The Prison Library Frederick Mason #55487—O56 USP Tucson PO Box 24550 Tucson, AZ 85734 I've always loved Libraries, and can recount every one I've been in. From my first recollections of going to a library while living in Los Angeles, California, where I checked out my first book, "Where The Wild Things Are", to my regular childhood visits to East Branch Library,.in Wilson, North Carolina, and the huge library I spent a lot of time doing research while at Western Carolina University. To me, libraries are a refuge; a place of refreshing. Oddly, it's the same here, in the prison library, here at USP Tucson. The library here is part of the Education department, but I'm focusing only on the library. It's a brightly-lit room, maybe 50 feet across, maybe 70 feet wide on the sides. With 20 ceiling lights, it's pretty bright, and it has 10 writing tables, seating 8 people each, on round, black, metal chairs that can be quite uncomfortable if you're on it too long. The walls are painted beautifully on one side with a giant mural of several National Parks, starting with depictions of Ruby Beach, on the Washington coast, on the furthest left side of the wall. From there is fl w. seemlessly into Grand Canyon National Park, then into Yellowgfiglional Park, then Rocky Mountain Nat- ional Park. The artwork here is truly amazing; the mountains look almost perfect; the mural is about 10 feet high; you might almost feel like you can step right into the magestic scene. From Rocky Mountain National Park, the mural flows into General Grant National Park, to~ finally on the furthest right of the wall, Boston Light, on Little Brewster Island. The de- pictions are post-card like, in vibrant colors. An absolutely beautiful masterpiece. I remember the guy who did it, about 2 or 3 years ago. He did an incredible job, and the work adds so much character to the library. A 70-foot mural, running the length of the room, can't be cheap. Along the bottom of the walls, on all 4 sides, is a painted stone wall, with various colors of odd-sized stones like beige, peach (or flesh), marigold, auburn and other earth tones. The room looks much more vibrant, more inviting, with these art works about the room. - ' Along one side, by the large windows of the library, are 5 large blue-painted tables, for typewriters. These tables have access to the wall outlets, so those with typewriters can plug them in. There is only 20 typewriters available to the 1200+ inmates, made worse after USP Tucson took out all the word processors, forcing inmates to race for typewriters- but that's another essay. On the other 3 sides of the library sit about a dozen flat- screened monitors, about 12-14 inches each, mounted on the walls. These are for guys wanting to watch videos, from Nat GEO vids to -2- old Food Network shows to even travel vids (my fav). I treat myself often by spending an evening watching a travel video on Japan, or on Greece, or Ireland. Travel vids are the most popular genre here, but likely the most popular vids are the Michael Jordan videos. The older guys watch it and glorify their idol, reliving those "good ole' days". The prison library here is used for numerous purposes; legal, educational, and social. Legally, many guys come to type up legal documents in hopes to get back to court, after finding fundamental issues that their so-called Public Defender failedv to bring up... ...I don't get it; if a person with NO legal experience (and for many here, a Very limited education), can find fundamental flaws in their case, why couldn't an attorney, with years (or decades) of experience, do the same? It's like me taking court against LeBron James in his prime, spotting him 10 points, and beating him in a game of 21! That's NEVER supposed to happen! So, you got guys in here, fighting for their lives, to get back to court to correct and clear errors, some intentional, that the court made. These guys spend their time researching, typing and cursingthe prosecutor, the judge and the Public Defender, who all work together not so much to do justice, but to facilitate a conviction.., But THAT is also another essay. Guys also come to the prison library for educational purposes. There is an education department~ I will not say it is beneficial. Being brutal for a moment, I believe USP Tucson has some of the most heartless, over-paid so—called "educators"II've ever seen. Now that's extreme, but hear me out; I have a college degree; a B.S. in Radio/Television, I minored in journalism, made the Dean's List several times. I also taught GED class after I graduated from college, all this long before I came to prison. So, I do have some respect of what education, and GOOD educators, can do. They don't give up on their students. This place does. While one staff member is too busy on Facebook to care about her class, the other threatens her class to show up‘ hr else. Morale is pitifully low, and very little incentine.Nearly every teacher delegates to an inmate tutor, who spends about 90% of the time teaching the class. But when inspections come, they break the sound barrier getting to class to pretend to be teaching. Now, I will not say every teacher isslike Lolth, the Queen of Spiders from the Abyss... but sometimes... So, there are those who come for classes, like GED, Custodial Maintenance, and other classes. But others come to take self—study classes. Simply put, you go check out a Video that's listed in the -3- Self—study courses. You watch the video and answer the questions on a test, and 'viola, you earn a certificate! It might be a 4-part series from "Ace of Cakes", or a two- part on Mayan temples from Nat GED, or any subject for that matter. Many guys rack up many certificates, proving that they are "pro- gramming", or as the prison sees it, "doing the will of the prison". I'd like to argue that... but not here. Maybe another essay. The third group of people who come to the prison library come for social reasons; simply put, to hang out. Some come because it's cooler (or warmer) than being outside. As I write this, it is July 7th, 2019; summer in Tucson, where it reaches 100+ regularly. So, many guys come to the library, hook up with a couple of friends and chill out. I come mainly to try to type out my essays (of which is now over 200), or watch a travel vid- one of my favs is one on Central Japan. I've seen it over 50 timest.. honest! But I also come to type legal documents for guys who can't type. I have to charge them though, because using the typewriter means you have to supply the paper, ribbon and correction tape if you're not indigent... That means if you get $6.00 or more in a MONTH, you can't get free ribbon or correction tape. You see how silly this is? It implies that if you have a prison job paying $7.00 a month, then you could afford to buy ribbon and correction tape... but the ribbon itself is $8.60; the correction tape is $12;20! How are you supposed to buy that with $7 a month?? Ugh, another essay... Anyway, I often type for others,.and they pay me in stamps, so I can_mail my essays out. Not necessarily social, but hey, it's prison. Another form of "social" is one I'll tread lightly on .. one USP Tucson can frown all they want, but it happens- homosexual relationships. Trust me when I say this- this is a complicated subject, but I share this part to say that socially, many gay inmates meet here to talk and hang out. It happens all over the yard, especially with the influx of transgenders coming here, but it is what it is. I believe in the "live andtlet live" idea. I really don't care too much what a person does, as long as it doesn't affect how we all do our time. For example, I don't drink; only a few beers and a wine cooler while I was in college. That's it. Never, ever did drugs, never smoked anything. But even though I don't like it, guys here do. If a guy wants to pop pills, I don't like it, but it's his life. But. when his actions disrupt the normal flow of the prison- like getting into a fight over a debt— it affects my time, because we could get put on a lockdown, or have our cells shaken down. Then, it gets personal. -4- So, while I don't care about some social issues— because I can't tell another inmate what to do, I take it personal when their actions affects us all. So, guys meeting in the library to hook up don't bother me, even gay couples. Hey, it's their life, and in the past few years, I've met many cool gays and even trans- genders. Hey, we've all got to live with eachother, we might as well try to get along. So, the library is the place where a lot of agendas are put to task. Whether a guy's researching on Ineffective Assistance of Counsel on an appeal to the courts to get his 290 months sentence reduced to 100 months, or a guy going to his GED class (while the teacher is in the office on Facebook), or a guy watching a video on construction of bridges, or two gay guys talking about private matters... Or ME typing an essay on prison issues... Anyway, the prison library, to me, is an exciting place to be. I hold no punches in how terrible the education department is, and I am not lacking in proof or experiences, but they do not deter me from going to this place of refuge and imagination. It's funny, when I hear some guys say, "I hate this library" I wonder why, but I guess they have their reasons.. For one, those doing legal work are exhausted on an almost endless toil to comb through volumes of legal cases, only to submit it to a court that will sidestep the issues just to make you work harder to get the fairness you should have gotten be- fore you were sentenced... Again, another essay, but surely you can understand the frustration. But, as I sit here in the library, I balance the good with the bad, finding positives to try to be constructive. So, whether I'm working on legal work, watching a video or what- every, I've always found that the library- regardless of where it is— gives me some level of comfort and refuge, a venue to re- lax and be refreshed by this realm that allows for creativity and imagination, which indeeds helps me in difficult time such as doing time. Until next.time, I'll keep writing my essays. Feel free to write me and ask on any subjects I have written, currently over 200 essays.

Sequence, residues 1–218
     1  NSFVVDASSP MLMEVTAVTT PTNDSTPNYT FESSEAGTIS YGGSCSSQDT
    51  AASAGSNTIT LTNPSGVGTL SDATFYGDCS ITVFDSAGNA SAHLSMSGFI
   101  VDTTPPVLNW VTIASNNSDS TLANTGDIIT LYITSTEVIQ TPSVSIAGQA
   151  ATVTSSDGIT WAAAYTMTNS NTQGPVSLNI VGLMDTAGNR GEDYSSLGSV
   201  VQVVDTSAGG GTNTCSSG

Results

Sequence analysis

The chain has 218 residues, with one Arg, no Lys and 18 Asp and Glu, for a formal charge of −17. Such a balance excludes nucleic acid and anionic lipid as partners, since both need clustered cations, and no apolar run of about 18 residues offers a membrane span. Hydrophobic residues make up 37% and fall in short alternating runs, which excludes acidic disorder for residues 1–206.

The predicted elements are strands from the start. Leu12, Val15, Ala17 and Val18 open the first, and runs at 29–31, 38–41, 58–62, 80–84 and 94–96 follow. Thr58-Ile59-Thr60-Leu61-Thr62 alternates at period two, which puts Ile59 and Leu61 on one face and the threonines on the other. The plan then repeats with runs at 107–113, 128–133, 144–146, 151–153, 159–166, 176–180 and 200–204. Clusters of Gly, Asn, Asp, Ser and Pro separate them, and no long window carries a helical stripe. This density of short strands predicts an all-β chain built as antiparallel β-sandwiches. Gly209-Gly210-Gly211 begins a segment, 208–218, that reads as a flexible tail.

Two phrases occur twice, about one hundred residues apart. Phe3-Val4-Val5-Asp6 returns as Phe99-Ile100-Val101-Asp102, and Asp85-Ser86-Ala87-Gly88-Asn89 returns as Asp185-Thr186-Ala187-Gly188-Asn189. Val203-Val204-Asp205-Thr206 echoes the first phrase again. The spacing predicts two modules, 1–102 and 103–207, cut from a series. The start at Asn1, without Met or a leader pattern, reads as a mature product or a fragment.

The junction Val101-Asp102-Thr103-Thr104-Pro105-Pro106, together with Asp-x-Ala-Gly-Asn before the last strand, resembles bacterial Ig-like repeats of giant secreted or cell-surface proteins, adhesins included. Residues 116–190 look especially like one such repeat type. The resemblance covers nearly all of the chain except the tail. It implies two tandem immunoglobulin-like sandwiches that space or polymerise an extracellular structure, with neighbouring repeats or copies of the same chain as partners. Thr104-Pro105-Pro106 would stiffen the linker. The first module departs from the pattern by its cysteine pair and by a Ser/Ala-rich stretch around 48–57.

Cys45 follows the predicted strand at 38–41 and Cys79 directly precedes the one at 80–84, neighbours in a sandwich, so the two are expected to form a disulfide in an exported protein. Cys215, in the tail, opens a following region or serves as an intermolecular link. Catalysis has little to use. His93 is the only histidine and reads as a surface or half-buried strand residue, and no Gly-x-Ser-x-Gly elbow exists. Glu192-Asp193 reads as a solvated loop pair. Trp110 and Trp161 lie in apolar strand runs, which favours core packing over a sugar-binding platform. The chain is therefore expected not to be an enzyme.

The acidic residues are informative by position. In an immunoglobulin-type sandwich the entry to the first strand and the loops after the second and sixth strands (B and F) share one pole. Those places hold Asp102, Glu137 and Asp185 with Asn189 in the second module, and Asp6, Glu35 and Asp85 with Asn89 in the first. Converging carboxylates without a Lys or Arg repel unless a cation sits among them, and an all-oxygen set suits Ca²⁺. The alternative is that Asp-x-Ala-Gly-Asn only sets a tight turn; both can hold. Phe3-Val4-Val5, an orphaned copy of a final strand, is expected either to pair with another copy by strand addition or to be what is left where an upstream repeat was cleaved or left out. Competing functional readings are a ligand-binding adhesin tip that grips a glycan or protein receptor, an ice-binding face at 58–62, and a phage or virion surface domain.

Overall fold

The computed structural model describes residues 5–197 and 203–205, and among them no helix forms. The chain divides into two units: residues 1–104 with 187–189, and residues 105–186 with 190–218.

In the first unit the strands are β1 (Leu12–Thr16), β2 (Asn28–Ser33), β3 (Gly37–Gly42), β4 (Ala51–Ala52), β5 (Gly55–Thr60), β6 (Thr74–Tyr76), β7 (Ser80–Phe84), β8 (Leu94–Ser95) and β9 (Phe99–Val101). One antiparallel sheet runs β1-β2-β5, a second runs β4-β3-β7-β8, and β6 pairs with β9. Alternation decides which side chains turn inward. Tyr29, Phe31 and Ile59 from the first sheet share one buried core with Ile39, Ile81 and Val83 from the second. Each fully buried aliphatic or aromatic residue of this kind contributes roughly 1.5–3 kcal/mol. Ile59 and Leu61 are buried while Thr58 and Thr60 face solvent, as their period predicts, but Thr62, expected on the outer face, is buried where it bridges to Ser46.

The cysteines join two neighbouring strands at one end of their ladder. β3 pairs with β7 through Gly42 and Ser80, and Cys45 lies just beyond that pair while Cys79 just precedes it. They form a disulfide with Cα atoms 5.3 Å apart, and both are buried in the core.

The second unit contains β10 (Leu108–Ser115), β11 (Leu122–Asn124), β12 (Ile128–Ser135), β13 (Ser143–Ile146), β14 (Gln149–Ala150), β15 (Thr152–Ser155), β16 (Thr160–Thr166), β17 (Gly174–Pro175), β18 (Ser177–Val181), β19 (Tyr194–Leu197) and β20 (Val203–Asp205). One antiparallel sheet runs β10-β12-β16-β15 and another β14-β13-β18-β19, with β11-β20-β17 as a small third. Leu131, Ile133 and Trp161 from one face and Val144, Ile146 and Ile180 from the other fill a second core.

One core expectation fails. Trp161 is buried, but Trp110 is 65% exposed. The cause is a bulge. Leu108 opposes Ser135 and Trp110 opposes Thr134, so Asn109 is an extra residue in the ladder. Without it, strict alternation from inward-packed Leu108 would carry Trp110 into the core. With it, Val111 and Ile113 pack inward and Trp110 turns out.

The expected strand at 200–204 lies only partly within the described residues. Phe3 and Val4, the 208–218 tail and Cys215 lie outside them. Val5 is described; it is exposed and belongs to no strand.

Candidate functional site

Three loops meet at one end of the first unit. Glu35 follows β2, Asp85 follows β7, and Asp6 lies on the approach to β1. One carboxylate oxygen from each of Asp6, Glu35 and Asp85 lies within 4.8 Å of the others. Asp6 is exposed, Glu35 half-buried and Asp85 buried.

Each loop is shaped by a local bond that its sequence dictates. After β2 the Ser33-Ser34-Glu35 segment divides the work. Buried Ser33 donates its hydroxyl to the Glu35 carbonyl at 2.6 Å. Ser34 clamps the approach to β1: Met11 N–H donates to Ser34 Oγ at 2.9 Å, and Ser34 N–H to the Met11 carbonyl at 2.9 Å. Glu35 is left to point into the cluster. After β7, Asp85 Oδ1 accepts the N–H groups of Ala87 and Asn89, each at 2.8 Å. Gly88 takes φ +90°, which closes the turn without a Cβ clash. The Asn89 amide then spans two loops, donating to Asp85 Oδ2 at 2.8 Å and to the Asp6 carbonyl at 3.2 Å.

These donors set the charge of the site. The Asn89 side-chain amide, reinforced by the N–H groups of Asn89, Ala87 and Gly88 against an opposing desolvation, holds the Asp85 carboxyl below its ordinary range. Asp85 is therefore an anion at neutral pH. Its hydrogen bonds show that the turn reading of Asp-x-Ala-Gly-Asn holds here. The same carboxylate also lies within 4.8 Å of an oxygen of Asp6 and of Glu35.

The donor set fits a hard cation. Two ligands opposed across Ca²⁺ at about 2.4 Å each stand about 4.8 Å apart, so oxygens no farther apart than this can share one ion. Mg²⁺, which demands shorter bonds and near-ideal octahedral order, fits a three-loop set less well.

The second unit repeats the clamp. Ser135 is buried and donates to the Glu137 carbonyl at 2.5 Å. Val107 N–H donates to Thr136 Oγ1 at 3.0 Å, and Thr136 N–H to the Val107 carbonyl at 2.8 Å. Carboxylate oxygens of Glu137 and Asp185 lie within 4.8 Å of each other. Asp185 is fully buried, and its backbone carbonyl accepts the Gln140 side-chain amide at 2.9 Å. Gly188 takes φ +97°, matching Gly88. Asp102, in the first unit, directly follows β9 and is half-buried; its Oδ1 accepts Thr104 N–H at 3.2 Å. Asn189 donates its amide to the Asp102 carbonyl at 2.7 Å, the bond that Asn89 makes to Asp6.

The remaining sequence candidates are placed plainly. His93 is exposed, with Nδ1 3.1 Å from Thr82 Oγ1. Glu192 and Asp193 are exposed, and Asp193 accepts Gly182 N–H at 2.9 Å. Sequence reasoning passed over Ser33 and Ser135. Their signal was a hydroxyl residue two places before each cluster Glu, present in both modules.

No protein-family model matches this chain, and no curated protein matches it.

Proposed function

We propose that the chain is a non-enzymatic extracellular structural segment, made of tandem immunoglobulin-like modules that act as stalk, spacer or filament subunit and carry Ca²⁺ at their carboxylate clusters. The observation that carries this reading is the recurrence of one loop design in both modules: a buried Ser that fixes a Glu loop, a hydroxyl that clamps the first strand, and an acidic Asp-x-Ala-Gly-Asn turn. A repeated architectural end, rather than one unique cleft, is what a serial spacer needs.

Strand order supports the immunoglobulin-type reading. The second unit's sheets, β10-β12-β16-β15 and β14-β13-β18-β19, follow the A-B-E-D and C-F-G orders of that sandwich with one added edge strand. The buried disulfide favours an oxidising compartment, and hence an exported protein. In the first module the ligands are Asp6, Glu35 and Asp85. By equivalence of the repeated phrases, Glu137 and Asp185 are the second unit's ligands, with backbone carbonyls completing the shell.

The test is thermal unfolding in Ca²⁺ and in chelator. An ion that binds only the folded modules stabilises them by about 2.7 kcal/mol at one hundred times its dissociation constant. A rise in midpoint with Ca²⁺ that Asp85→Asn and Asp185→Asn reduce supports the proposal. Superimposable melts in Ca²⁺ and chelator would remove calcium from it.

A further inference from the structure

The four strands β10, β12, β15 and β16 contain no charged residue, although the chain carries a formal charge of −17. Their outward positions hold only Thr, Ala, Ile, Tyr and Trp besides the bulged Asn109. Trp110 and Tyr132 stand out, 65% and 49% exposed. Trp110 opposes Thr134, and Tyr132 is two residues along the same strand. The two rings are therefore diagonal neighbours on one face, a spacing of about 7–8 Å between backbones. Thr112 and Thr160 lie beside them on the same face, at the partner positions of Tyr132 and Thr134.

Author: Mason, Frederick

Author Location: Arizona

Date: October 10, 2019

Genre: Essay

Extent: 4 pages